Okay, so I'm crotchety. There are some things I like just fine as they were, thank you very much. I mean, what's the point of remaking a film if you're not going to add anything to it? Or covering an old standard if you do a note-for-note and phrase-for-phrase copy of the original? Or if you rip up the original and redo it your way without adding anything much to it?
The three formative albums I listened to as a young child were An Evening with Tom Lehrer
, The Fantasticks
, and Candide
. This explains a lot about me, I'm sure. There were other standards in our household--West Side Story
and My Fair Lady
, as well as some Rogers and Hammerstein, and any number of my parents' favorites, Sinatra and Streisand and Jobim and Louis Armstrong. Then I started buying records (my first single was "Downtown" by Petula Clark, followed quickly by everything Beatles I could find..). But Tom Lehrer, The Fantasticks
, and Candide
lodged in my brain; I know those songs and those performances so well that when a breath is out of place it startles me.
Of course, I turned Sarcasm Girl on to all three as early as was reasonable. Candide
suits her adolescent snarkiness right now in particular. So when we heard that PBS was showing a staged concert performance we made an appointment to watch. We have now watched. It was a particularly antic production (during the auto da fe number the head of the inquisition shows up to sentence Pangloss to the pyre in the guise of Donald Trump: "Yuh fired!") which worked some of the time. The gags were funny, but they did not permit any emotional engagement at all--and the reason the glorious finale works so well that I can't hear the music without getting teary is that, with all the humor of the show, its events are harrowing enough so that the finale, "Make Our Gardens Grow," is genuinely affecting. The music still got to me--understand, I cry at long distance commercials--but it was the music itself, not anything the production wrought.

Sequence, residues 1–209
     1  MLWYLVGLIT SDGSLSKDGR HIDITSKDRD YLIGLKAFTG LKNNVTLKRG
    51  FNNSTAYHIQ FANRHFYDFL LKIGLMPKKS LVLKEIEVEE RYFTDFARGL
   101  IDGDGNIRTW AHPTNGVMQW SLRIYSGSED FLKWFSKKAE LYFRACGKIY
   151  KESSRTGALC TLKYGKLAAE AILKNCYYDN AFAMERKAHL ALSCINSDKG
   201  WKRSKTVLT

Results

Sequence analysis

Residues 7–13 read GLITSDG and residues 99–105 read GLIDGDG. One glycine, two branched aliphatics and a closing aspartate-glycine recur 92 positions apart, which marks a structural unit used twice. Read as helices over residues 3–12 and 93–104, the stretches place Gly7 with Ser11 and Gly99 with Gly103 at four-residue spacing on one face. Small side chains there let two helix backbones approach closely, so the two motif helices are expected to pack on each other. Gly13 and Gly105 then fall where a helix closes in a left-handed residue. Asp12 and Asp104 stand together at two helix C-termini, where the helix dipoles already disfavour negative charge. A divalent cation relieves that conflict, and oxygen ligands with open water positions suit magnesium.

But that's not what's bothering me.
The original Candide
had music by Leonard Bernstein and a libretto by Lillian Hellman and divers hands (Dorothy Parker added a one liner or two, as did, as near as I can tell, every wit with a pulse at the time). The show did not, as they say, find its audience in Eisenhower America. Twenty years later, give or take, it was staged again; I saw that production, which was wild and vulgar and funny, and still retained an emotional core. The libretto had been largely overhauled by Hugh Wheeler, with some new songs added, others ripped up and reassembled. The production we saw tonight uses the Wheeler libretto, which is now apparently the preferred one (the Hellman libretto has been, um, "retired") and I, for one, don't think it's as good. Not as funny, not as witty, not as true to the book (Sarcasm Girl read the book this fall, and was taking notes on where the plot veered from the original). What makes me sad is that, with the Wheeler libretto now the preferred one, no one is likely to hear the older libretto, certainly not in performance. Which is a shame, dammit.
Perhaps someday someone will hear the original cast album and want to mount a production of the Hellman libretto. Will they be permitted to, I wonder? When you license the rights to a show, are you required to license the preferred version? If you license the preferred version and then, under the radar, revert to the original, would the libretto police hunt you down and beat you with sticks? Pfui.